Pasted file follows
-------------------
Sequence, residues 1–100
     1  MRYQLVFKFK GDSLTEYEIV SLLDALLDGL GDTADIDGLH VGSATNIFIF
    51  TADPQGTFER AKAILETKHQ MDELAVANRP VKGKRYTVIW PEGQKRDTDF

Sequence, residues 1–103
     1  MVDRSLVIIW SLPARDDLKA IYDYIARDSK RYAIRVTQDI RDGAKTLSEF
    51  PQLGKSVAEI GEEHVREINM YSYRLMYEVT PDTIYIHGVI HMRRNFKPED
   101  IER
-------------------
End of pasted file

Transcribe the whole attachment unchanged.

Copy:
Sequence, residues 1–100
     1  MRYQLVFKFK GDSLTEYEIV SLLDALLDGL GDTADIDGLH VGSATNIFIF
    51  TADPQGTFER AKAILETKHQ MDELAVANRP VKGKRYTVIW PEGQKRDTDF

Sequence, residues 1–103
     1  MVDRSLVIIW SLPARDDLKA IYDYIARDSK RYAIRVTQDI RDGAKTLSEF
    51  PQLGKSVAEI GEEHVREINM YSYRLMYEVT PDTIYIHGVI HMRRNFKPED
   101  IER